A study led by researchers at the Universities of Manchester and York published in The Lancet Regional Health—Europe today (07/06/21) has revealed strong disparities in rates of excess deaths in England and Wales during the first 30 weeks of the COVID-19 pandemic.
According to the research team, deaths compared with those expected from historical trends were unequally distributed, both geographically and socioeconomically.
The highest excess mortality rates in England and Wales were in the West Midlands, the North East, and the North West. The lowest rates were in the South West of England and Wales.
There were 62,321 excess deaths in England and Wales in the first 30 weeks of the pandemic. Of these, 46,221 were attributable to respiratory causes, including COVID-19, and 16,100 to other causes.
Only 78 excess deaths per 100,000 people occurred in the South West of England and in Wales; 130 per 100,000 occurred in the West Midlands.
And 93 excess deaths per 100,000 people occurred in the most affluent fifth of areas, whereas there were 124 per 100,000 in the most deprived.
Other findings included:
- There were 6,887 excess cardiovascular & diabetes, and 1,668 excess cancer deaths over the study period.
- There were fewer than expected cancer deaths in hospitals (-6,655), hospices (-2,186), and care homes (-917), but more in private homes (10,665).
- The overall excess mortality rate for England and Wales directly attributed to COVID-19 infection or respiratory causes was 77 per 100,000 population
Professor Evan Kontopantelis, a data scientist from The University of Manchester led the study. He said: “Our analysis provides a comprehensive picture of excess deaths during the first 30 weeks of pandemic, including major causes both related and unrelated to COVID-19 infection.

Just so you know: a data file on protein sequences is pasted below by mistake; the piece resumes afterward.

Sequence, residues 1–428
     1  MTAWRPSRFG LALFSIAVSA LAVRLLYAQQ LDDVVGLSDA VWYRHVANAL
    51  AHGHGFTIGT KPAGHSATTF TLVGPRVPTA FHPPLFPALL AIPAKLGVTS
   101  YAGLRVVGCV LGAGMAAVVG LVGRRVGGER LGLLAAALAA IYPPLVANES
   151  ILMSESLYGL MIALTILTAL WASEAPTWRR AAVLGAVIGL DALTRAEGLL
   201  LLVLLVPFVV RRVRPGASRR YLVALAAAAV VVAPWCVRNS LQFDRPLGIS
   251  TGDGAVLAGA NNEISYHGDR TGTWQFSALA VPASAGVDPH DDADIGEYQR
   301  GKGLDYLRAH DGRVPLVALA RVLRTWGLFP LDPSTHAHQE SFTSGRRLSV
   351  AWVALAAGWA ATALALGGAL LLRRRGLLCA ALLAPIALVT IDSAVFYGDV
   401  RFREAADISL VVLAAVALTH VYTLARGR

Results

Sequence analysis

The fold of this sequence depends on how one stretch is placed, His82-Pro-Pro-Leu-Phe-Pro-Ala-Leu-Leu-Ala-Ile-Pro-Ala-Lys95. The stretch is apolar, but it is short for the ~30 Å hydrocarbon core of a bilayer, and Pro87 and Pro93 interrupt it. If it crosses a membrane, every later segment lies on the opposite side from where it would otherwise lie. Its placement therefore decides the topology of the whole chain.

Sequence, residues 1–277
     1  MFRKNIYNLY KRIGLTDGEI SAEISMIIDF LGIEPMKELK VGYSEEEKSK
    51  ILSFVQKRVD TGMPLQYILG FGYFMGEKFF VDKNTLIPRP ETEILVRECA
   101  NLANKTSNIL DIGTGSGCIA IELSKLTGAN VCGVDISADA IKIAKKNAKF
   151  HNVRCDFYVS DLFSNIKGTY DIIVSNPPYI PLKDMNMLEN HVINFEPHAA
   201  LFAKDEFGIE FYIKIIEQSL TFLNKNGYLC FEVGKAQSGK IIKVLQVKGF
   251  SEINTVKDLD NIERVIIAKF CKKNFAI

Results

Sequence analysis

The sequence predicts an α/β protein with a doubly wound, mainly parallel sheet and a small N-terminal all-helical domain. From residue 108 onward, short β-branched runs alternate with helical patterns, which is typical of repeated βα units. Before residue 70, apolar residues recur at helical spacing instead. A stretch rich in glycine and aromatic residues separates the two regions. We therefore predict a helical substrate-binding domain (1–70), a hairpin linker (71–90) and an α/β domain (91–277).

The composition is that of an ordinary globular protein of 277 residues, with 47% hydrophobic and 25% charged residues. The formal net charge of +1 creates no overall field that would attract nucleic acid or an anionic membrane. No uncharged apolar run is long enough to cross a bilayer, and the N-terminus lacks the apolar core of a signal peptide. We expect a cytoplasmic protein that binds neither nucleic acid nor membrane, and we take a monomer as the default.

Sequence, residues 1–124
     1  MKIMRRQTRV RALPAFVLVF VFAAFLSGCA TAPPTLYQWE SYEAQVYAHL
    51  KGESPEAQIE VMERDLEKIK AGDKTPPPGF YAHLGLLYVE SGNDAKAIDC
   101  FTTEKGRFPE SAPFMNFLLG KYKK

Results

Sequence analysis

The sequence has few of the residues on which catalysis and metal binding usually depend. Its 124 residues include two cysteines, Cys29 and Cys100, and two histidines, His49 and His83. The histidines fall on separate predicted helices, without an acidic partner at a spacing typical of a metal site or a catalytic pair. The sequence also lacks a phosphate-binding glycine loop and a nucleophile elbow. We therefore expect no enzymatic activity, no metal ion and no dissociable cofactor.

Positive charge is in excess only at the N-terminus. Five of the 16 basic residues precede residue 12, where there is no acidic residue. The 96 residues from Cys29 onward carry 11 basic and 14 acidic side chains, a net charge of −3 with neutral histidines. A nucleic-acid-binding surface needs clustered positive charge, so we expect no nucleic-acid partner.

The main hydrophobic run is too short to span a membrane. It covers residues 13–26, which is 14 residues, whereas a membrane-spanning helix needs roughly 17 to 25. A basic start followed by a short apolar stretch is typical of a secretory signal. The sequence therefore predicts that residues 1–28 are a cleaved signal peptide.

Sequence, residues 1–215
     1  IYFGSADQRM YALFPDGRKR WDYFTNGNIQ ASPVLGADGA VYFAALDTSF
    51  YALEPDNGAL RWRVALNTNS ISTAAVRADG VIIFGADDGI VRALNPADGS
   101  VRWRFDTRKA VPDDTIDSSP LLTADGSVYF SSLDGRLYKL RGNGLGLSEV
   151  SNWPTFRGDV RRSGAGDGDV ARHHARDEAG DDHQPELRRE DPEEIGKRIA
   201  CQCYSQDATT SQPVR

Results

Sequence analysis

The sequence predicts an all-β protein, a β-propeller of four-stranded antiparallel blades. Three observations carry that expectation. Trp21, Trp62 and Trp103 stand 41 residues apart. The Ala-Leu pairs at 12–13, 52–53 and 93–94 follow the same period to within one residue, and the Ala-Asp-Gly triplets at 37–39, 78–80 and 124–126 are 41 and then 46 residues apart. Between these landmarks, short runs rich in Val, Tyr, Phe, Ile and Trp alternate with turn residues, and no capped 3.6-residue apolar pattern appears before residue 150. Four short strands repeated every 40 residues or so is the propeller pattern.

“The models demonstrate that the COVID-19 pandemic has caused many more deaths than would have been expected during the same time-period.
“But for England and Wales, these deaths were not evenly distributed across the population, with rates varying markedly by region, and between deprived and less deprived neighborhoods.”
The analysis was carried out using Office of National Statistics weekly mortality data from December 2014 to October 2020 for England and Wales.
In England and Wales, a fifth of excess deaths during the first wave of the pandemic—from 7 March to 8 May 2020—were attributable to causes other than COVID-19.
Delayed responses to acute health conditions and exacerbations of pre-existing health conditions led to substantial increases in mortality for cardiovascular disease, diabetes and other conditions.
However, mortality rates for some health conditions, including other infectious respiratory diseases, fell.
The researchers say the variation in rates reflects population susceptibility, in terms of age and pre-existing disease as well as local factors such as housing density, transport infrastructure and air quality.
But a population’s occupational mix and ability and willingness to engage in public health measures such as social distancing and the capacity and quality of local public health, social and healthcare services could also play a part.
Professor Doran, from the Department of Health Sciences at the University of York and senior author of the study, added: “These results emphasize that regional and socioeconomic variations are relevant to decisions about future pandemic planning, including current and future phases of vaccination roll-out.
“Immediate and longer-term recovery planning for communities and their health and social services should reflect historical disparities as well as the COVID-19 related patterns described in this study.”
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